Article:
The governor of New York, Andrew Cuomo, has changed his tune about marijuana in the past two years. As Rolling Stone reported, not too long ago the governor considered it to be a “gateway drug” — that old scare tactic that kept legalization at bay for decades. Unfortunately, despite Cuomo’s new attitude about cannabis, and despite medical marijuana being legal since 2014, it might not happen this year. Still, it seems inevitable and could bring with it some interesting twists.

Each state in the U.S. that has legalized recreational marijuana has implemented various forms of taxes and other twists in the law to achieve certain goals. For example, in Colorado, taxes from cannabis sales go to education, mental health, substance abuse programs and even affordable housing. New York had lofty ambitions of expunging the records of people caught up in low-level pot busts. Also, the Cannabis Regulation and Taxation Act sought to disrupt the “seed to sale” dominance of some growers who also own dispensaries by prohibiting anyone who grows from owning a majority stake in retail dispensaries. Perhaps most interesting were provisions to incentivize minorities and women to own the businesses profiting off legal weed.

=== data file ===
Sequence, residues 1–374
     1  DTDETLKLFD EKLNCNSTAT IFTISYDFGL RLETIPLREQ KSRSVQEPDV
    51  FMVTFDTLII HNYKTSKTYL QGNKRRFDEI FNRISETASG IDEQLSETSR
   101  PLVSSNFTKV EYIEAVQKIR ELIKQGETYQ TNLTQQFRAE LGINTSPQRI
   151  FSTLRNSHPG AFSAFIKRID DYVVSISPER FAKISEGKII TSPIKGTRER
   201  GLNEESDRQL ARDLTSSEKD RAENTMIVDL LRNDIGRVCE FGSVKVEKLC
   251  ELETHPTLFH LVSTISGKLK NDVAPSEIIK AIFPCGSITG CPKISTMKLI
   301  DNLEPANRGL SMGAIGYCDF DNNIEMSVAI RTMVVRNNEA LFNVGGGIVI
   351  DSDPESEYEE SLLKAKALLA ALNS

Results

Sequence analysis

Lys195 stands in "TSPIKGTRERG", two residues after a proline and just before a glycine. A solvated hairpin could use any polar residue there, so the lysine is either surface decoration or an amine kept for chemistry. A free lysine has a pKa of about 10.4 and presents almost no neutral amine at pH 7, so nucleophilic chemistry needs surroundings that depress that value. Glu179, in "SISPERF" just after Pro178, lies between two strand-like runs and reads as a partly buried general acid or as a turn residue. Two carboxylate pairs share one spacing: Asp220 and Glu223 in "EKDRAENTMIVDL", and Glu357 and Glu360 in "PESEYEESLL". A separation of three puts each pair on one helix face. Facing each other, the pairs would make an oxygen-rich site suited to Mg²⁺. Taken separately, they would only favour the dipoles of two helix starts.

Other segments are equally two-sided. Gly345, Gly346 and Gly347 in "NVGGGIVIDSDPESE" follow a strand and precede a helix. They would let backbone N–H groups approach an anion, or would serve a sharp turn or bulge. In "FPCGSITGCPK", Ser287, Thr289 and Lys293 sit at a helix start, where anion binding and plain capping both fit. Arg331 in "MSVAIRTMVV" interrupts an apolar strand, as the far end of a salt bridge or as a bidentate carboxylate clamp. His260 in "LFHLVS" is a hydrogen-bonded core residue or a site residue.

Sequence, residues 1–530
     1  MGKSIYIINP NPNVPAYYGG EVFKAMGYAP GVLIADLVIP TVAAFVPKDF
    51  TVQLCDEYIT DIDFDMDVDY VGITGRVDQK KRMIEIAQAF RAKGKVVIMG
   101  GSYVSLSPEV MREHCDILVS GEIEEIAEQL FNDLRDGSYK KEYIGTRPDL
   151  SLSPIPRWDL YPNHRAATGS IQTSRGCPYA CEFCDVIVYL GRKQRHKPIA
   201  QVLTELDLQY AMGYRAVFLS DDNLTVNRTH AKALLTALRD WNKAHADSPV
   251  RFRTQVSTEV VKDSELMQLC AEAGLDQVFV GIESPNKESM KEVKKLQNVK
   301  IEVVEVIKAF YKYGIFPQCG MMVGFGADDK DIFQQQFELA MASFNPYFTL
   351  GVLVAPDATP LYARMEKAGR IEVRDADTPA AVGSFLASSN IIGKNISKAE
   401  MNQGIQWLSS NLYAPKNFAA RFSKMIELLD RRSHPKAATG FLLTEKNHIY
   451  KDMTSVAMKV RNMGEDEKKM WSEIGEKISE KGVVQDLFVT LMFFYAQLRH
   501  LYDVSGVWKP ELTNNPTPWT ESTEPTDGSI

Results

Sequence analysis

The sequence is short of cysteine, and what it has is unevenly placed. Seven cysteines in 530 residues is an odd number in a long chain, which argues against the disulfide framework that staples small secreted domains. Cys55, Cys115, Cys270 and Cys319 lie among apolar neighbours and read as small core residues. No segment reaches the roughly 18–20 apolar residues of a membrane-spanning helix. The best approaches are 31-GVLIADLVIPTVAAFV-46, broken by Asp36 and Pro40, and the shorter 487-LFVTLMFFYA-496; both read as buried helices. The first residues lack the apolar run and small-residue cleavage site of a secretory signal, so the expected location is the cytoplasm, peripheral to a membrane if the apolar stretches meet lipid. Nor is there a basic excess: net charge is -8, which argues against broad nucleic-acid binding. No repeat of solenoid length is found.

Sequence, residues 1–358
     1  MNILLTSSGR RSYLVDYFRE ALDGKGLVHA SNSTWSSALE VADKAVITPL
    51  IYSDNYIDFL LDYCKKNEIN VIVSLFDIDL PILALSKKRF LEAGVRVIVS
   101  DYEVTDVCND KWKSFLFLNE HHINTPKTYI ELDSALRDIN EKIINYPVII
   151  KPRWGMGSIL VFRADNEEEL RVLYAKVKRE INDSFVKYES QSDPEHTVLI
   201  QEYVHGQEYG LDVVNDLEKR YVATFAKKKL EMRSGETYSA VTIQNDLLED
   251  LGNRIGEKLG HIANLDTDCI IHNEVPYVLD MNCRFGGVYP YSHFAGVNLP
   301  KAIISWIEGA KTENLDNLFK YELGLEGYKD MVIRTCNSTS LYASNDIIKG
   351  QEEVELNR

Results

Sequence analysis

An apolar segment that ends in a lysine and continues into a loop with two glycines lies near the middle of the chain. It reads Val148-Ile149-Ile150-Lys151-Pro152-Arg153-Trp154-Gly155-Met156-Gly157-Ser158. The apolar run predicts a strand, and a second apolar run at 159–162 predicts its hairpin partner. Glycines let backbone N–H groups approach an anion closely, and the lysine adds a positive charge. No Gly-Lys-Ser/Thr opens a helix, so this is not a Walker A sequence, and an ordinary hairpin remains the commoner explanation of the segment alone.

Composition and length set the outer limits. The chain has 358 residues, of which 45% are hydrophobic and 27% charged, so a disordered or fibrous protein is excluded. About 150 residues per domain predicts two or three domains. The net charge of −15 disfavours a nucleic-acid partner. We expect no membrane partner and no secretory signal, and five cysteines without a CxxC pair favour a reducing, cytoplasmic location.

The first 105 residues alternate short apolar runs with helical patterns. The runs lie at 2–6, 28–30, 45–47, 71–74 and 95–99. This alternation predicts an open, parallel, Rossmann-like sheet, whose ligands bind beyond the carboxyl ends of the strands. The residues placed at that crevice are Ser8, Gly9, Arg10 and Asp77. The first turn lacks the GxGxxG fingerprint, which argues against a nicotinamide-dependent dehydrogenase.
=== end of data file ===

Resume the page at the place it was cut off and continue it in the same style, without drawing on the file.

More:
However, it seems the governor’s proposal was dropped over the details of taxes. How much, where they go, and most of all, who gets taxed were sticking points. There’s still a little time since the legislature doesn’t meet until mid-June, but without a proper funding in the budget and allocations for taxes it’s unlikely to be implemented until the money can be worked out. So far, the Governor has allocated higher taxes on luxury homes where tax revenue from cannabis would have gone.

Meanwhile, Cuomo has said he wants further vetting of the bill, although that could bring opponents closer to shutting it down next session. Currently the state legislature’s bill allows municipalities to opt out of sales in their communities. In March, it was thought there was plenty of political will to get the job done, but the gears of politics seem to have ground things to a halt — for now.


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